Video | Agriculture | Confidence | Economy | Energy | Employment | Finance | Media | Property | RBNZ | Science | SOEs | Tax | Technology | Telecoms | Tourism | Transport | Search


Private insurers receive $1.8b Kaikōura earthquake claims

21 June 2017
Private insurers receive $1.8b Kaikōura earthquake claims

The total value of insurance claims for the 14 November Kaikōura earthquake as at 31 May 2017 is $1.84 billion the Insurance Council reported today.

Private insurers have received nearly 43,000 claims, of which over 31,000 are for residential properties. Insurers are acting as agents for the Earthquake Commission (EQC) and are managing most of the residential building and contents claims. These claims and costs do not include any land claims, or house and contents claims that EQC is managing for the Kaikōura earthquake nor where insurance has been purchased off-shore.

Insurance Council Chief Executive Tim Grafton said most is for commercial loss at $1.36 billion, with residential claims amounting to over $460 million.

“Progress is now moving at a rapid pace, so we have a high level of confidence that most people will have received settlement offers by the end of this year. Forty percent of all residential buildings had initial assessments completed by the end of May compared with 32% in April and 19% in March. Insurers continue to focus on the most damaged areas and are making pleasing progress with 57% assessed in the Upper South Island in May, compared with 45% in April” he said.

In terms of residential building settlements, 29% had been fully or partially settled by end of May compared with 21% in April and 11% in March” he said.

The time between assessment and settlement offer for residential properties is typically between 4 and 12 weeks depending on complexity.

For commercial claims, 62% of all material damage claims by number had been fully or partially settled by the end of May, compared with 57% in April and 44% in March. In dollar terms, over $278 million of commercial material damage claims have been partially or fully settled.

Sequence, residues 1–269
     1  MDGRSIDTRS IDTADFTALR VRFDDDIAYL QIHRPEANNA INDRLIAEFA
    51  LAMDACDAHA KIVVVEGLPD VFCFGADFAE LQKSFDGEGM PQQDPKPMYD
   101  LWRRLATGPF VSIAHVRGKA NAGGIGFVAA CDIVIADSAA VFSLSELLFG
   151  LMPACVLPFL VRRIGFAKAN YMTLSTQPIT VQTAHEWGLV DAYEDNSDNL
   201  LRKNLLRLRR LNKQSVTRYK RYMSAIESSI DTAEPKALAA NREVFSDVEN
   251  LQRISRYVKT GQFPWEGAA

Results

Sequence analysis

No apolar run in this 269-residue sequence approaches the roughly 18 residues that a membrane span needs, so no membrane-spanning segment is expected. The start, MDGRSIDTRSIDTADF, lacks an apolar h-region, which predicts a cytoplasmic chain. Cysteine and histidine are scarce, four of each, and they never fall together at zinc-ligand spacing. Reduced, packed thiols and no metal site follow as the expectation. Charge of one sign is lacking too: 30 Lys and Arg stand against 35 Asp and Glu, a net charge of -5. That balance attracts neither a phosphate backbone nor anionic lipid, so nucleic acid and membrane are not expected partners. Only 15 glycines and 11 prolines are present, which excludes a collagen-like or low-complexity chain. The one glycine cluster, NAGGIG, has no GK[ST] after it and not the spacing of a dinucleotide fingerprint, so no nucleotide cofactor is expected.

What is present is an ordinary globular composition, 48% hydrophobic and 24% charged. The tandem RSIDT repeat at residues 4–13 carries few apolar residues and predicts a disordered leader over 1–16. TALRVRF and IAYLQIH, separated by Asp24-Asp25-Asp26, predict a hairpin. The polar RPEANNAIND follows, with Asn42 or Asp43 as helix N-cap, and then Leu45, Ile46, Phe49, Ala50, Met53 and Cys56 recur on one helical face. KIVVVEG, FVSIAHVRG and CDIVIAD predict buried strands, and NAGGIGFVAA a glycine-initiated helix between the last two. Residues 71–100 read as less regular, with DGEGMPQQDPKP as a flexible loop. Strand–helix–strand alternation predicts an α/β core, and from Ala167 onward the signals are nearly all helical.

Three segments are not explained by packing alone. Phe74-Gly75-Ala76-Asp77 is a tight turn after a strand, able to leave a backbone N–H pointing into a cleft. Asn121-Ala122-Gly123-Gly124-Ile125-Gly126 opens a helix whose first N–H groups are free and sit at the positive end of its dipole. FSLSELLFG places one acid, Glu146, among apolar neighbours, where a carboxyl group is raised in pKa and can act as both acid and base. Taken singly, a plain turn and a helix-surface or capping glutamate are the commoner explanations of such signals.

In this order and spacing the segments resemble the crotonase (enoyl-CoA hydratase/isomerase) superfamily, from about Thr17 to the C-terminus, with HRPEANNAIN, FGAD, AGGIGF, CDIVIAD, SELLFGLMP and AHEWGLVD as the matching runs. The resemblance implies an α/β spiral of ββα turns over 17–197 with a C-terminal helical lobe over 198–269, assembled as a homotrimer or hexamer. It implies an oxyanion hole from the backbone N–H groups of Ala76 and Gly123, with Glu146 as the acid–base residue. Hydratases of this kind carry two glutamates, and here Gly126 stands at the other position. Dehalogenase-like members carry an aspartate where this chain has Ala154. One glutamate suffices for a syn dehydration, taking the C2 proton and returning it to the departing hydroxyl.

© Scoop Media

Business Headlines | Sci-Tech Headlines


Superu Report: Land Regulation Drives Auckland House Prices

Land use regulation is responsible for up to 56 per cent of the cost of an average house in Auckland according to a new research report quantifying the impact of land use regulations, Finance Minister Steven Joyce says. More>>


Fletcher Whittled: Fletcher Dumps Adamson In Face Of Dissatisfaction

Fletcher Building has taken the unusual step of dumping its chief executive, Mark Adamson, as the company slashed its full-year earnings guidance and flagged an impairment against Australian assets. More>>


No More Dog Docking: New Animal Welfare Regulations Progressed

“These 46 regulations include stock transport, farm husbandry, companion and working animals, pigs, layer hens and the way animals are accounted for in research, testing and teaching.” More>>


Employment: Most Kiwifruit Contractors Breaking Law

A Labour Inspectorate operation targeting the kiwifruit industry in Bay of Plenty has found the majority of labour hire contractors are breaching their obligations as employers. More>>


'Work Experience': Welfare Group Opposes The Warehouse Workfare

“This programme is about exploiting unemployed youth, not teaching them skills. The government are subsidising the Warehouse in the name of reducing benefit dependency,” says Vanessa Cole, spokesperson for Auckland Action Against Poverty. More>>


Internet Taxes: Labour To Target $600M In Unpaid Taxes From Multinationals

The Labour Party would target multinationals operating in New Zealand to ensure they don't avoid paying tax if it wins power and is targeting $600 million over three years through a "diverted profits tax," says leader Andrew Little. More>>